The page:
And let ours also learn to maintain good works
By which are not only meant honest trades, as some choose to render the words: it is true, that a trade is a work; and an honest lawful employment of life is a good work; and which ought to be maintained, attended to, and followed, and to be learnt, in order to be followed. The Jews say, that he that does not teach his son a trade, it is all one as if he taught him to rob or steal; hence their doctors were brought up to trades; (See Gill on Mark 6:3); as was the Apostle Paul, though he had an education under Gamaliel: and such an one is to be learned and maintained for necessary uses, for the good of a man's self, and for the supply of his family; for the assistance of others that are in need; for the support of the Gospel, and the interest of Christ; and for the relief of poor saints; that such may not be unfruitful and useless, in commonwealths, neighbourhoods, churches, and families. The Jews say F3
``there are four things which a man should constantly attend to with all his might, and they are these; the law, "good works", prayer, (Ura Krdw) , and "the way of the earth", or "business"; if a tradesman, to his trade; if a merchant, to his merchandise; if a man of war to war.''But though this may be part of the sense of these words, it is not the whole of it; nor are acts of beneficence to the poor of Christ, to the household of faith, to strangers and ministers, to whom good is especially to be done, only intended; though they, may be taken into the account, in agreement with the context; but all good works in general, which are done in conformity to the revealed will of God, in faith, from a principle of love, and with a view to the glory of God, are meant: to maintain them, is to endeavour to outdo others in them, not only the men of the world, but one another; and to set examples of them to others, and to provoke one another, by an holy emulation, to them; and to be constant in the performance of them: and which believers may "learn" partly from the Scriptures, which contain what is the good and perfect will of God; these show what are good works, and direct unto them, and furnish the man of God for them; and also the grace part of the Scripture, the doctrines of the grace of God, teach to deny sin, and to live sober, righteous, and godly lives; and from the examples of the apostles and followers of Christ; and above all from Christ himself, the great pattern and exemplar of good works: and this lesson of good works is to be learnt by ours; meaning not only those of the same function, who were in the same office, ministers of the Gospel, as were the apostle and Titus; but all that believed in God, who were of the same Christian community and society, professors of the same religion, and partakers of the same grace; and were not only nominally, but really of the same number, even of the number of God's elect, the redeemed from among men, the family of Christ, sharers in the common faith, and heirs of the grace of life; who lie under the greatest obligations to learn to do good works: "for necessary uses"; not to make their peace with God, or to atone for their sins, or to procure the pardon of them, or to cleanse them from them, or for their justification before God, or to obtain salvation and eternal life; but to glorify God, testify their subjection to him, and gratitude for mercies received; to show forth their faith to men; to adorn the doctrine of Christ, and a profession of it; to recommend religion to others; to stop the mouths of gainsayers, and put to silence the ignorance of foolish men: and "that they be not unfruitful"; in them, and in the knowledge of Christ; good works are the fruits of the Spirit, and of his grace; they are fruits of righteousness; and such as are without them are like trees without fruit, useless and unprofitable.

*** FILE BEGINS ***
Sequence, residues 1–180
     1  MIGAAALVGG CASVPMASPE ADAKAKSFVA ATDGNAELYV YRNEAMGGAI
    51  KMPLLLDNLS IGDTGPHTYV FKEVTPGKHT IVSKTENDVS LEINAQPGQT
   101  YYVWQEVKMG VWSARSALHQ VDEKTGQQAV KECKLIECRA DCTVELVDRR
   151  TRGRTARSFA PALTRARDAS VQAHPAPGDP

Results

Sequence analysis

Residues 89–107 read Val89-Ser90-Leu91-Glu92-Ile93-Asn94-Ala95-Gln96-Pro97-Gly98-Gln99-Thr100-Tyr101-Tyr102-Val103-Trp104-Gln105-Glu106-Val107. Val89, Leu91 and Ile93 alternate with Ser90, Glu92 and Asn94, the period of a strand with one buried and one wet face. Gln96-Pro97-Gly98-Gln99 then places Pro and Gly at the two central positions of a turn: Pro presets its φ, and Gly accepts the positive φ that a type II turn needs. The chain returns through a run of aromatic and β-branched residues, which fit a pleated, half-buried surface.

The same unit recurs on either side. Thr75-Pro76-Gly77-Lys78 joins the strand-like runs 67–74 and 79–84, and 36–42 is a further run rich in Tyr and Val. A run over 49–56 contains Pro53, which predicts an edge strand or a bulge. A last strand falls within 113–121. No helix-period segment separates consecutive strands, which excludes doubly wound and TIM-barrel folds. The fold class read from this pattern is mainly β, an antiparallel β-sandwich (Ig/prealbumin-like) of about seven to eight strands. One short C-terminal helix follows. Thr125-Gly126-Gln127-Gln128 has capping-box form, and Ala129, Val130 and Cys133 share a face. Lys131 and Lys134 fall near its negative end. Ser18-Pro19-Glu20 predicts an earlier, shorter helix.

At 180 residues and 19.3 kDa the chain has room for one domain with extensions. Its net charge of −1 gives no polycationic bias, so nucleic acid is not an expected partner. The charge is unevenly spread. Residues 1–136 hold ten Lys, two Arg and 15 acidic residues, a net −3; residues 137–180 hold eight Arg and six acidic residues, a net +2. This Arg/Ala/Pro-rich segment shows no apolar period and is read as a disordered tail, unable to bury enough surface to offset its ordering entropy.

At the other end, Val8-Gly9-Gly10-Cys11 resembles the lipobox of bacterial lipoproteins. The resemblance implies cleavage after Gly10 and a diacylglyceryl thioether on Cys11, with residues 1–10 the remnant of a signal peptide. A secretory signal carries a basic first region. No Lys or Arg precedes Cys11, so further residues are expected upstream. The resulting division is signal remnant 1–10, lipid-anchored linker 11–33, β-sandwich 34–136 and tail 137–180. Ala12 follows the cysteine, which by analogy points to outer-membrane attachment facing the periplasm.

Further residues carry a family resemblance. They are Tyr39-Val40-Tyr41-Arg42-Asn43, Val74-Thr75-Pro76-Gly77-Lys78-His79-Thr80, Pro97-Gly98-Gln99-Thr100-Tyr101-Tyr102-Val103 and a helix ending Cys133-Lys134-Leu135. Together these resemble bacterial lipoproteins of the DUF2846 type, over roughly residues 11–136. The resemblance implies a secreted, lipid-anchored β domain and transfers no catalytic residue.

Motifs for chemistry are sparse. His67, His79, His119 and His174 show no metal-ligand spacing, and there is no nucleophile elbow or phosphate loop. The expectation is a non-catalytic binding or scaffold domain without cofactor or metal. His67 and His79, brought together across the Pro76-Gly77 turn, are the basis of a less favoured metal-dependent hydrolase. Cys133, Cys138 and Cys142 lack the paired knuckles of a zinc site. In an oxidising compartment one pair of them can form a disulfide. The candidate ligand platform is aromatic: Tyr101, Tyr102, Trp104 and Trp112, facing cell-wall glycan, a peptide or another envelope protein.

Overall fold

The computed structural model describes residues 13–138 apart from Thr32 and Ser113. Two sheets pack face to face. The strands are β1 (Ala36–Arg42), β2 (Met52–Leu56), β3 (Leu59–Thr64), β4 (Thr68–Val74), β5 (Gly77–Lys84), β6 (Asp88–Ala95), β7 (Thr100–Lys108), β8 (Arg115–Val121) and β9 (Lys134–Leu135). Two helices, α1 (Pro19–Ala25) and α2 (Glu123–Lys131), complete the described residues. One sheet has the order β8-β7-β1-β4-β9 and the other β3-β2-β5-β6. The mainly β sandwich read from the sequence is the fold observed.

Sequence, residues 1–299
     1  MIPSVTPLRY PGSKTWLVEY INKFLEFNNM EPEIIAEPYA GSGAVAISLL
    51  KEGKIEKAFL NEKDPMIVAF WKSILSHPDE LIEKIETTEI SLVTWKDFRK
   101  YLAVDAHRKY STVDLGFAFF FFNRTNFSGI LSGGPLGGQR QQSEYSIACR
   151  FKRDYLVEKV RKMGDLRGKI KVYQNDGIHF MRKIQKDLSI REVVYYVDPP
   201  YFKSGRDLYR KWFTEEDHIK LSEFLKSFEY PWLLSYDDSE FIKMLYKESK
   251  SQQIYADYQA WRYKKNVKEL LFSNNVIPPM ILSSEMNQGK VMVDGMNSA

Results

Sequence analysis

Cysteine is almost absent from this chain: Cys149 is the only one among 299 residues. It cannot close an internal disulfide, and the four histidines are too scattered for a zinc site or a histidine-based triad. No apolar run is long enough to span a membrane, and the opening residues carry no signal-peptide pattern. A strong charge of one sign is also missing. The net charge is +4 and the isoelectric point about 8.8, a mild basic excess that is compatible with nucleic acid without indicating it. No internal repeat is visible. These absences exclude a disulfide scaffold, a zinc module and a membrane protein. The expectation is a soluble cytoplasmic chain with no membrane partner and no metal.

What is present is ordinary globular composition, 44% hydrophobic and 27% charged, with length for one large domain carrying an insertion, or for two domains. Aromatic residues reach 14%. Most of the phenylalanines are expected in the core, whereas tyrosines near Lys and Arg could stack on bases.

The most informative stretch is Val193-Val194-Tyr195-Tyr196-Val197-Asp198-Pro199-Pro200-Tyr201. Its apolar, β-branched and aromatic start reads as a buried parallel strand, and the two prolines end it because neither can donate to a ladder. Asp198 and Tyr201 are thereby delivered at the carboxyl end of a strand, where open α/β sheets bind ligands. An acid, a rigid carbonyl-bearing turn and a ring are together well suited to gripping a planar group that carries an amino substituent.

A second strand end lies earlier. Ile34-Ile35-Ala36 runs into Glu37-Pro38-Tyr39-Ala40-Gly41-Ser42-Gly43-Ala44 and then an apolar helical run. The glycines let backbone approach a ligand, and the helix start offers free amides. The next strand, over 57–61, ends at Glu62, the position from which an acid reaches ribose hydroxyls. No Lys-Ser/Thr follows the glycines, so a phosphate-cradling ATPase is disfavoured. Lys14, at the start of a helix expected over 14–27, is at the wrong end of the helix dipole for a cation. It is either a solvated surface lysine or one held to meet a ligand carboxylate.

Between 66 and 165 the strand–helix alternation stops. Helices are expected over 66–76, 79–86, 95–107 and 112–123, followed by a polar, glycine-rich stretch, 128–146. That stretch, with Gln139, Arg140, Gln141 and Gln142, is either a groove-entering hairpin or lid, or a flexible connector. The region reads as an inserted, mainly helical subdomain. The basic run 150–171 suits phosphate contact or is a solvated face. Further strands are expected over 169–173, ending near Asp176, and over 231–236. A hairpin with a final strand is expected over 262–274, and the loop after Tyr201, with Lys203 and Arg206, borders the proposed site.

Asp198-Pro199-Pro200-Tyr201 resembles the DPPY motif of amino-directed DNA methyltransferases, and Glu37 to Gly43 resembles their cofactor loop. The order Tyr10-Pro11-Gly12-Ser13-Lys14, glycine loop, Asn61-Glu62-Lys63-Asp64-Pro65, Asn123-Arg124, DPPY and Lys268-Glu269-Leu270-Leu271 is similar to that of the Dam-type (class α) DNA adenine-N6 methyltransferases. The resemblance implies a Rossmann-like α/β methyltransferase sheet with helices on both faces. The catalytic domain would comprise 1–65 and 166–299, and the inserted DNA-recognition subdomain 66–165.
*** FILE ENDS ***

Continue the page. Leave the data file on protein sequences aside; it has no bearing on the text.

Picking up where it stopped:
F3 T. Bab. Beracot, fol. 32. 2. & Gloss. in. ib.